Kamara supports Bubba Wallace was the first NASCAR race since the month of March

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Bubba Wallace, the only african-American driver in NASCAR Cup, has used his platform last week to push the American institution to ban the Confederate flag from all future events. Among those expressing support for the long-delayed decision was Alvin Kamara, one of NASCAR Wallace and new fans.

Almost immediately after the announcement, the Saints All-Pro running back tweeted his interest to know when the next race will be. On Sunday, Kamara, donning a Wallace hat and shirt, has been invited to be one of the 1000 fans in attendance for the Dixie Vodka 400 at Homestead-Miami Speedway in Homestead, Florida. The event had the added distinction of being the first major sporting event to welcome the fans from the COVID-19 pandemic hit the united States in March.

As one of many athletes in recent weeks have expressed their support for the Black Lives Matter movement and sweeping social reform of the justice system in the UNITED states, he expressed his optimism about the sport’s recent change.

“I don’t think it is about time to say it. It is on it actually said, ” he Has added that, according to David Wilson of the Miami Herald. “It took this long to do and it is what it is. Me, personally, I’m not going to be angry with that because the climate dictated. The fact that they are sitting and get rid of it, and these progress to return to the script, that’s all you can ask. ”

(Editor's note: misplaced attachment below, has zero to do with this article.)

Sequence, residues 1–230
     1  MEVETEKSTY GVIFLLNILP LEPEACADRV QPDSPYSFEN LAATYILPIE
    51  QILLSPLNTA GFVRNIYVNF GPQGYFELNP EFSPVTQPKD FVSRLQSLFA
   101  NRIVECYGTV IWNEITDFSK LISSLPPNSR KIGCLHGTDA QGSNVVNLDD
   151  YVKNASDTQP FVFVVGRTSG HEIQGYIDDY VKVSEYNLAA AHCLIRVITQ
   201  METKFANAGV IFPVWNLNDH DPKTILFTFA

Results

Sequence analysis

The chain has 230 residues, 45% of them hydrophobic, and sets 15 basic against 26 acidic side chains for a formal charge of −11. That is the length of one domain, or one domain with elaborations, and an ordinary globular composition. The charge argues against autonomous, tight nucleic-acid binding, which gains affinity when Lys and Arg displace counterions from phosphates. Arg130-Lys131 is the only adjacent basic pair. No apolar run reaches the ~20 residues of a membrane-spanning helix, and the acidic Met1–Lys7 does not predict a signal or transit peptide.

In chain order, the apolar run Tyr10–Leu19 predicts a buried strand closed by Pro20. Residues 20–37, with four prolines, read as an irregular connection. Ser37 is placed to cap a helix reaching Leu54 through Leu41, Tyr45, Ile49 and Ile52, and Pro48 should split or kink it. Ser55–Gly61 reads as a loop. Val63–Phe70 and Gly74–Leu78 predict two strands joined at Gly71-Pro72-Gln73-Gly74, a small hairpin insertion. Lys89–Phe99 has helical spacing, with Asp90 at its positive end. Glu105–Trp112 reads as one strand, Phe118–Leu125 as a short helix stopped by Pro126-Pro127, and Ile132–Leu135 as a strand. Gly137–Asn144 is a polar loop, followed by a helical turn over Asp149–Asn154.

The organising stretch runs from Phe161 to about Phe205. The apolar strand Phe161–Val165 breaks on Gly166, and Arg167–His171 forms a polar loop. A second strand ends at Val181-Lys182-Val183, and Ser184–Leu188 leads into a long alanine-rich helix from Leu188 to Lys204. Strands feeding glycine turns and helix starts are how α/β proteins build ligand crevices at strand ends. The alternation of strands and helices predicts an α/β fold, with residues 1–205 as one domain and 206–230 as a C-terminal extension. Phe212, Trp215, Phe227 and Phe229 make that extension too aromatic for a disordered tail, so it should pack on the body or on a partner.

He added that Wallace’s decision to speak at a crucial time may influence the other drivers also to take a position and make other changes in the sport.

“I’ll be honest and say that it gives some of these white drivers, which are predominant in the sport, a platform for them to be like, ‘You know what? I know it’s been wrong all this time. Let me say the right thing now, ” he said, per Tim Reynolds of the Associated Press. “Maybe before they were not comfortable to say it.”

Of course, the history surrounding the symbol racist invokes hundreds of years the value of anger and discomfort, something Kamara — a native of Norcross, Georgia and a former college athlete at Alabama and Tennessee, has added a new level of exposure.

Wallace forcing NASCAR to look beyond his famous chequered flag and the address of his checkered past was an important moment that represented the type of change that must occur in America. The flag’s removal opens the door for people like Kamara, who have an interest in the sport, but feel disposed for more information on this subject; I hope that it will mean a change in the social consciousness in more ways than one.

“I know that he has the weight of the world on his shoulders being the only african-American driver with what is happening and what the climate of the planet is now, and to take a position,” he said. “It is backed in a corner right now, and it takes a lot of courage to be in the place that it has in and say, You know what? I’ll fight for that right instead of just be quiet and I commend him on that. It takes a lot of bravery. It is necessary to be comfortable in your own skin to be able to do something like that. “



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